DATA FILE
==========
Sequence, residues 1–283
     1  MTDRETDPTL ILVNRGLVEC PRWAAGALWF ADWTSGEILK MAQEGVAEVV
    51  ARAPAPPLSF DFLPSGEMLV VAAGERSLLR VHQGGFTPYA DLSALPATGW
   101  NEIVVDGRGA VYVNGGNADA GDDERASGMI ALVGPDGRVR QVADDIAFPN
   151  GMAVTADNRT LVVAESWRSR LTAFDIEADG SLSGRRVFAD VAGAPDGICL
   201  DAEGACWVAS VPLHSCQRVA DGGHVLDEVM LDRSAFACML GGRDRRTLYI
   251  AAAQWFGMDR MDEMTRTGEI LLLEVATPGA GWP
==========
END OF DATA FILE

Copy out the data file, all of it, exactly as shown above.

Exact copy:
Sequence, residues 1–283
     1  MTDRETDPTL ILVNRGLVEC PRWAAGALWF ADWTSGEILK MAQEGVAEVV
    51  ARAPAPPLSF DFLPSGEMLV VAAGERSLLR VHQGGFTPYA DLSALPATGW
   101  NEIVVDGRGA VYVNGGNADA GDDERASGMI ALVGPDGRVR QVADDIAFPN
   151  GMAVTADNRT LVVAESWRSR LTAFDIEADG SLSGRRVFAD VAGAPDGICL
   201  DAEGACWVAS VPLHSCQRVA DGGHVLDEVM LDRSAFACML GGRDRRTLYI
   251  AAAQWFGMDR MDEMTRTGEI LLLEVATPGA GWP